How to Use Blooket to Play Online Games With Your Students

Soon you’ll be customizing your own!

Get Started With Blooket header image

Looking to engage your students this new school year? Blooket to the rescue! I first learned about this tool while teaching online last year. I wanted to keep my students entertained and tuned in. As if the stars aligned and the educational technology goddesses smiled down upon me I discovered Blooket and all the ways I could customize it. What started as an “OK, I guess we can try this newfangled website and see if it works” turned into a relied-upon and highly anticipated way to begin class, practice concepts, and laugh. This year consider Blooket for teaching any and all subjects!

What is Blooket?

Blooket—like Kahoot! and Quizizz—is an online platform where teachers launch a game and students join with a code. Teachers can launch Blooket as a whole class for the ultimate competition or assign it “solo” to allow students to practice at their own pace without the stress of competition. Students can unlock Blooks (cute avatars) by earning points during gameplay. They can also use their points to “buy” different “boxes” which contain themed Blooks (Medieval Box, Wonderland Box, etc.). Frequently, there is fierce competition amongst my students for certain Blooks, such as the horse and the “fancy” toast. Without fail, when my middle schoolers see that a Blooket is on our schedule, a sense of excitement and competition permeates our classroom.

Play or Create—With Blooket You Can Do Both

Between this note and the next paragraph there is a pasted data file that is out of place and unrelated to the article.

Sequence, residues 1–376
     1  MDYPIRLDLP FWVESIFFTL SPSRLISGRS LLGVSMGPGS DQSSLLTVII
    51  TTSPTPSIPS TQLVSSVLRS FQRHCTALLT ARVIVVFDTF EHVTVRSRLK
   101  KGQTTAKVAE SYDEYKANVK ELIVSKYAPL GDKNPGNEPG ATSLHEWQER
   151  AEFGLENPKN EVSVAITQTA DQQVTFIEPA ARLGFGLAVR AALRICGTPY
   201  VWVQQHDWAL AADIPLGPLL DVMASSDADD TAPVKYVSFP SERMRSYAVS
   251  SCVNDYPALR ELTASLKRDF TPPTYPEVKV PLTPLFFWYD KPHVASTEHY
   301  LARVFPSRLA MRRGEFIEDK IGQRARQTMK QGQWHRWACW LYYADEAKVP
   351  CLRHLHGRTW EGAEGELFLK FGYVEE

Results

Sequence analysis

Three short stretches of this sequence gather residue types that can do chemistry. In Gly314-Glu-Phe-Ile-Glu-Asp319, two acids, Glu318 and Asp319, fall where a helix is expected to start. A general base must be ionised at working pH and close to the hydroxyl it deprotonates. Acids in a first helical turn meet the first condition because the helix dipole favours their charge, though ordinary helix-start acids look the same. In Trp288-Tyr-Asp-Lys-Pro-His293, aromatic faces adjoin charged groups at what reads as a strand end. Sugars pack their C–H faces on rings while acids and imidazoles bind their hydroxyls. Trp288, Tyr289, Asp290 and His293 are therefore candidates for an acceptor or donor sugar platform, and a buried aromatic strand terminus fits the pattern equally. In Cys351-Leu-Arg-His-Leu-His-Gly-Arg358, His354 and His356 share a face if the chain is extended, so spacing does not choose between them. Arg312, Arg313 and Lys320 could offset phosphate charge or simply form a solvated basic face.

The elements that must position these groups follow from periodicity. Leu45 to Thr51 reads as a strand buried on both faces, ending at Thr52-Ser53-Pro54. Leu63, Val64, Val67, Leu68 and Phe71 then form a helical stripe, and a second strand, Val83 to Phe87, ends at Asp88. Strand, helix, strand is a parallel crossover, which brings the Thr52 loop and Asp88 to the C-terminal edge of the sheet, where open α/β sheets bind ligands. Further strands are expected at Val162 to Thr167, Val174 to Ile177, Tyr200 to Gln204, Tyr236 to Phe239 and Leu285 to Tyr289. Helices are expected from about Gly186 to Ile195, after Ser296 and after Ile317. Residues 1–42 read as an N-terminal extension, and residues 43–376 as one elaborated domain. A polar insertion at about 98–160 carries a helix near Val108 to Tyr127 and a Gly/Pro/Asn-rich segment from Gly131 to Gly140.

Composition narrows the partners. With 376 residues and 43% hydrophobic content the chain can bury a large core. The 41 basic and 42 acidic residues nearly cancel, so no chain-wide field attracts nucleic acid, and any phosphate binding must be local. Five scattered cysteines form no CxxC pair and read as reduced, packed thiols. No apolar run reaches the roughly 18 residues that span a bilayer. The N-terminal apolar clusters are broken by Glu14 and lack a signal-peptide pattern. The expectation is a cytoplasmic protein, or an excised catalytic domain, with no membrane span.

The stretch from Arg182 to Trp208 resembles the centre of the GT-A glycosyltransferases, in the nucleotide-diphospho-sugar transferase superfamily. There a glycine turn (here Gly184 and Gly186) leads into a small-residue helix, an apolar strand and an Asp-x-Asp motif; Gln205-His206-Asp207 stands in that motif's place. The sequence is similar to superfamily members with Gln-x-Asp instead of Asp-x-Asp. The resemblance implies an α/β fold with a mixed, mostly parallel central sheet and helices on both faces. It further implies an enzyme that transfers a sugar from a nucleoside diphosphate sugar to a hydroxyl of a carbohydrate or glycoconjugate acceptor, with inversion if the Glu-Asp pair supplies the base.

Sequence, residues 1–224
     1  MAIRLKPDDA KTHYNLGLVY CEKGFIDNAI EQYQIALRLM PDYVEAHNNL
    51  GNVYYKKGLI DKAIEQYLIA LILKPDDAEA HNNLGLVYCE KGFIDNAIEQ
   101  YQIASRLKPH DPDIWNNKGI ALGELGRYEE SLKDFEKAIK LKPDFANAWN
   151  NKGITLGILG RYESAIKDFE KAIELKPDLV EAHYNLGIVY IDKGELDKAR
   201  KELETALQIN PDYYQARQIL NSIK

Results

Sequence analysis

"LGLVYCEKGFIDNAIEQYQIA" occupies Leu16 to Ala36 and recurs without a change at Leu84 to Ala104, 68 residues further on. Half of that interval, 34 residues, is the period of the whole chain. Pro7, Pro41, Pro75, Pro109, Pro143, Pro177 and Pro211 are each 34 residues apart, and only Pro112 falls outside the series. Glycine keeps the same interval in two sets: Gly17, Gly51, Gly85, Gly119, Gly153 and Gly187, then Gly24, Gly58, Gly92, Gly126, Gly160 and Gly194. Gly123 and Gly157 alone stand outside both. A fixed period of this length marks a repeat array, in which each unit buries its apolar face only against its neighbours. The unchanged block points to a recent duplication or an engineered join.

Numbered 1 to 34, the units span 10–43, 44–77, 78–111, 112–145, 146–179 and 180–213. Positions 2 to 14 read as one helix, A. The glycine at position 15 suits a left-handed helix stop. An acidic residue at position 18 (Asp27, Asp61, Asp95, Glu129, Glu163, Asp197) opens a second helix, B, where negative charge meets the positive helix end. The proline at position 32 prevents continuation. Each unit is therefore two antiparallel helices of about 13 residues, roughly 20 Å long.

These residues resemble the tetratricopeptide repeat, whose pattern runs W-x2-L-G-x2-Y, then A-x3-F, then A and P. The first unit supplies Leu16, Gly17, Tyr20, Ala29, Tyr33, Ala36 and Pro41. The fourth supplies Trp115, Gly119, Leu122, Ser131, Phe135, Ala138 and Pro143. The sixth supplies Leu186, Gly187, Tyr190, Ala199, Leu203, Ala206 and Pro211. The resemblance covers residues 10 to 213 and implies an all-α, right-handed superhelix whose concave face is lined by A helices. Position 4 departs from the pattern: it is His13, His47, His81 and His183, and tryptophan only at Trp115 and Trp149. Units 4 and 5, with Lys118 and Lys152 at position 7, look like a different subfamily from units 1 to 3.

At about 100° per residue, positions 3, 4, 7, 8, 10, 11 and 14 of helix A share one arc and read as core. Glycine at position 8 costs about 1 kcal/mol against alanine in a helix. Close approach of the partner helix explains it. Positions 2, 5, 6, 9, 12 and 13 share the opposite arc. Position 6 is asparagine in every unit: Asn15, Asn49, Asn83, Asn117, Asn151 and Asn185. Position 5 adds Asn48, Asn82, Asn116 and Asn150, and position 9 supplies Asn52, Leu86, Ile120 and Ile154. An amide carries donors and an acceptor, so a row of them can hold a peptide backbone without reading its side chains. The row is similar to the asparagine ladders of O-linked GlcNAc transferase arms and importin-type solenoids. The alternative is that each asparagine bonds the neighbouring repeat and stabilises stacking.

Not only can you play Blookets created by others on virtually any subject you can think of, but you can also create your own to meet the needs of your class. From the homepage, you can join a Blooket (this is where your students will go to join the Blooket you’ve launched). First, create your account (I use the “log in with Google” feature). Next, Blooket transports you to the Dashboard. From here, you can search for pre-made Blookets in the Discover section or Create your own game. Type in your questions, use images for the answer choices, import question sets from Quizlet, and more. Once your students have completed a game, you can view the class accuracy from the History section on the Dashboard. *This tool is super handy, especially if you are preparing for an assessment.

*Although most features in Blooket are free, Blooket Plus appears to be a new paid version that allows you to view enhanced game reports.

Blooket customization

Maximum Customization—Game Modes, Time, and Power-Ups

Once you’ve chosen from the Blooket library or launched your own creation, it’s time to decide upon the game mode. If the mode you choose has a time component, my go-to limit is 10 minutes for game play. Finally, choose to have your students join with Random Names (such as SeaFriend, GriffinBreath, or SunGrove) or with their own. We prefer Random Names due both to the hilarity of the silly combos and the anonymity. One of our favorite modes is timed Factory played with Glitches (Power-Ups). Namely, we like this one because it features such Glitches as “Vortex Glitch,” which flips the competitors’ screens around, causing general chaos and uproar. In addition to Factory, Gold Quest and Tower Defense are on our regular rotation. The vast range of customization enables us to play Blookets often, choosing different content and game modes to maintain intrigue.

Blooket Library (Content-Based and Beyond)


Distance Learning or hybrid teaching, math or science, right when school begins or mid-May when everyone is exhausted, Blooket is guaranteed to infuse laughter, friendly competition, and excitement into your classroom. I wish I had discovered Blooket earlier than January, but here are all the Blookets I’ve used in my 7th grade math/science class to date (these are all pre-made Blookets—remember, you can create your own).

For Math:

For Science:

For Holidays, Advisory, and Fun:

Will you try Blooket this year? Share in the comments below!

Want more articles and tips from me? Subscribe to the middle & high school math newsletter here.

Looking for more ways to gamify your class? Check out “15 Totally Fun Kahoot Ideas and Tips You’ll Want to Try Right Away”